“I have been informed that such an announcement was prepared today, you should already have a copy. According to my understanding, that is immediately. Without delay.”

Twenty years ago this evening, Günter Schabowski gave an unrehearsed answer at a press conference, and thousands of East Berliners — and soon, many more thousands of East Germans — did not delay. The Berlin Wall was open.

History of the Mafia by Salvatore Lupo

Seeing that the Italian Mafia has been generating headlines again, this may be a good opportunity to let our readers know about a new book by Columbia University Press: History of the Mafia by Salvatore Lupo. The book was first published in Italian in 1996 and has now been translated into English by Donzelli Editore. Even though I find the book a tad too ‘academic’ at times, it is really useful in understanding just how the Mafia operates, where it comes from and how it continually adapts itself to new circumstances. It soon becomes clear that you cannot understand the whole Mafia phenomenon without a proper understanding of Italian history. And, as Lupo adequately explains, you can forget about the myths that both Hollywood and the Mafia itself are tyring to uphold; there is no ‘good Mafia’:

“Valachi, Gentile, Bonanno, Buscetta, and Calderone all portrayed themselves and their friends as wise men who applied the rules, who sought to mediate conflict, and who avoided illegal violence, turning to bloodshed only as a last resort, in order to apply the rational and carefully weighed deliberations of the organization. At the same time, they depicted their enemies as treacherous individuals, unwilling to respect the laws of (their own) society, always ready to engage in betrayal, killing at the drop of a hat, and verging on the brink of sadism and insanity. We can believe that the self-portrayal of the pentiti is a sincere one, yet if their adversaries were to speak, they might well tell the story from a diametrically opposed point of view. (…) In reality, such internal conflict – such as the contrast between the old Mafia and the new Mafia – is an integral part of the Mafia’s ideology. It is an expression of a mediocre and obscurantic vision of the world.”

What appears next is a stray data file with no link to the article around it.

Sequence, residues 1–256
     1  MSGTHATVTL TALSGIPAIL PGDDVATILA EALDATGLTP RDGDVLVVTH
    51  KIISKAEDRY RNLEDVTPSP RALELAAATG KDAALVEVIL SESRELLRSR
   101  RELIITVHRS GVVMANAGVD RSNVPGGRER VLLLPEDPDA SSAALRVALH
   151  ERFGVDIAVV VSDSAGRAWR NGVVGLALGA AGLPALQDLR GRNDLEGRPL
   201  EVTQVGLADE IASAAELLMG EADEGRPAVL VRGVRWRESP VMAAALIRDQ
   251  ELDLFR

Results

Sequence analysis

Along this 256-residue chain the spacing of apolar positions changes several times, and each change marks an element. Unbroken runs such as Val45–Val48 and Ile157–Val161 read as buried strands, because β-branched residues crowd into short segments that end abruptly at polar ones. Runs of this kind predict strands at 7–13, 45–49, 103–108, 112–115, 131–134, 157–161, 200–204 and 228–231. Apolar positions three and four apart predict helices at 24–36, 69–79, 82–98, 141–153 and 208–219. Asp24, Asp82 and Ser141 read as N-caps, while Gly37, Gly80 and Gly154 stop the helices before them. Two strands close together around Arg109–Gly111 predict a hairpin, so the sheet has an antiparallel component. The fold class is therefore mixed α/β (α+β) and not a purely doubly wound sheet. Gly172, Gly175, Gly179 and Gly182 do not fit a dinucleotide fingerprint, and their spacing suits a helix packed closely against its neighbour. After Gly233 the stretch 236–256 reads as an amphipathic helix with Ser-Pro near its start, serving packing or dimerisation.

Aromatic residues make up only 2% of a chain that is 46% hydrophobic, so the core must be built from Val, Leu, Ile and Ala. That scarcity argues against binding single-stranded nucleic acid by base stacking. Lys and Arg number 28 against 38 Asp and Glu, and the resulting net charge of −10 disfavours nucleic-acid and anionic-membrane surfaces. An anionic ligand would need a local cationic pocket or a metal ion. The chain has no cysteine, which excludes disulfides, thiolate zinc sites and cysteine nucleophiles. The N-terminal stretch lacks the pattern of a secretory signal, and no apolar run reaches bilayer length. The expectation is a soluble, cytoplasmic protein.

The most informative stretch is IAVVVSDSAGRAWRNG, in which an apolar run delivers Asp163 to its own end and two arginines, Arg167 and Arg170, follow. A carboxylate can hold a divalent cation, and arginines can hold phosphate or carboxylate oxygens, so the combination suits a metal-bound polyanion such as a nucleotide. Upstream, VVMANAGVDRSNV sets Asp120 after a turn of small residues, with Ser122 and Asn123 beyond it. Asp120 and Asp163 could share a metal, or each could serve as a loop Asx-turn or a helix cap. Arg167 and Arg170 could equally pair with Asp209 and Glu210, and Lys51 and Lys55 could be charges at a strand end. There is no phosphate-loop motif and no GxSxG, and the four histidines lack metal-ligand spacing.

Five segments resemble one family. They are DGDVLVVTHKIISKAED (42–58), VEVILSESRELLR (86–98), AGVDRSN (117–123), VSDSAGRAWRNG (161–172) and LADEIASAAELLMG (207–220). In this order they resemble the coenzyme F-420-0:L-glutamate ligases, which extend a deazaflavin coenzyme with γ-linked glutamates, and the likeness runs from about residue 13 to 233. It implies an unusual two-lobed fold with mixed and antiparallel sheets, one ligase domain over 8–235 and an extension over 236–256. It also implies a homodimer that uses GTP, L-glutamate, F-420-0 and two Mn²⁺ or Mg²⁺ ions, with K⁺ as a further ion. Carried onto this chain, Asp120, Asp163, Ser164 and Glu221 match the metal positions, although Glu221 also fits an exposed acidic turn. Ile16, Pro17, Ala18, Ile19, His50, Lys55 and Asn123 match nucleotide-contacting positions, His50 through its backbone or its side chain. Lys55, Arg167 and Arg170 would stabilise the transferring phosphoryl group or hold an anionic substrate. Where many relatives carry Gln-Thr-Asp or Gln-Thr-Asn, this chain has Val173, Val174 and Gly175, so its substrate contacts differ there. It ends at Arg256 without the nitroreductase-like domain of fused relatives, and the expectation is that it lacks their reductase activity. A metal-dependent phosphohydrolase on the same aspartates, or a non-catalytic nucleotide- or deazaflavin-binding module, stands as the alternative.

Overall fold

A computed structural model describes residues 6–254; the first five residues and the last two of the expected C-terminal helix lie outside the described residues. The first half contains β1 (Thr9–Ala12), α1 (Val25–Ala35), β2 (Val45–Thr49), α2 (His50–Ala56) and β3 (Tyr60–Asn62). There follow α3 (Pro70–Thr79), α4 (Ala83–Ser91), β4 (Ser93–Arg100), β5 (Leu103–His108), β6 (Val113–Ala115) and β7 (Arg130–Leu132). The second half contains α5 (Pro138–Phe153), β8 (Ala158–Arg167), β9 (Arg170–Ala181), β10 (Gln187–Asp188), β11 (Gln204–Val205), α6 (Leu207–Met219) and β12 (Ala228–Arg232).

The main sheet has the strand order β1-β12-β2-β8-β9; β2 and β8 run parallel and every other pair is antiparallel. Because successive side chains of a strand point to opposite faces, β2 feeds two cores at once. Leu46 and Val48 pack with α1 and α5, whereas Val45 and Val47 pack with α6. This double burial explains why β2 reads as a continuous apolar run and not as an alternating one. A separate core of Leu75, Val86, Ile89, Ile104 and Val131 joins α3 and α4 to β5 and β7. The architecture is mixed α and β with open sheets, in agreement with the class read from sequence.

I haven’t read the entire book yet, so I’ll just refer you to the book’s pages at Columbia University Press for more quotes and information.

The Dollar As A Funding Currency

Nouriel Robini is not a man who is known for mincing his words. “We have the mother of all carry trades,” he tells us, “Everybody’s playing the same game and this game is becoming dangerous.” There is a “wall of liquidity” sweeping the planet, pushing asset prices ever higher in one country after another. I wholeheartedly agree. Continue reading

Death on the Tisza

A sad story from the edge of Europe last week: fifteen Kosovar Albanians died trying to cross the border between Serbia and Hungary. The border there is a a river, the Tisza, which is a large and swift-flowing tributary of the Danube. The Albanians were illegal immigrants trying to move from Kosovo into the EU. Their boat capsized and most of them drowned. The immigrants seem to have been family groups, and the dead include at least two children.

Kosovo declared a national day of mourning last week. Serbia, which still claims Kosovo as part of its territory, made no official statement.

It’s a very sad incident that points to some realities in the region.

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Welcome to the Lisbon Era